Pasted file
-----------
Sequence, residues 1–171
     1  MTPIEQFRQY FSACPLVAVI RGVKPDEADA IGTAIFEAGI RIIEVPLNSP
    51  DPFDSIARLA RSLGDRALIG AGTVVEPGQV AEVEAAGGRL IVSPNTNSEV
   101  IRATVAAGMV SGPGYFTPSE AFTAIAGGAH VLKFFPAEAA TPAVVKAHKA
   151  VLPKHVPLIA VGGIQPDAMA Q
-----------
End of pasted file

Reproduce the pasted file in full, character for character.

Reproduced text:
Sequence, residues 1–171
     1  MTPIEQFRQY FSACPLVAVI RGVKPDEADA IGTAIFEAGI RIIEVPLNSP
    51  DPFDSIARLA RSLGDRALIG AGTVVEPGQV AEVEAAGGRL IVSPNTNSEV
   101  IRATVAAGMV SGPGYFTPSE AFTAIAGGAH VLKFFPAEAA TPAVVKAHKA
   151  VLPKHVPLIA VGGIQPDAMA Q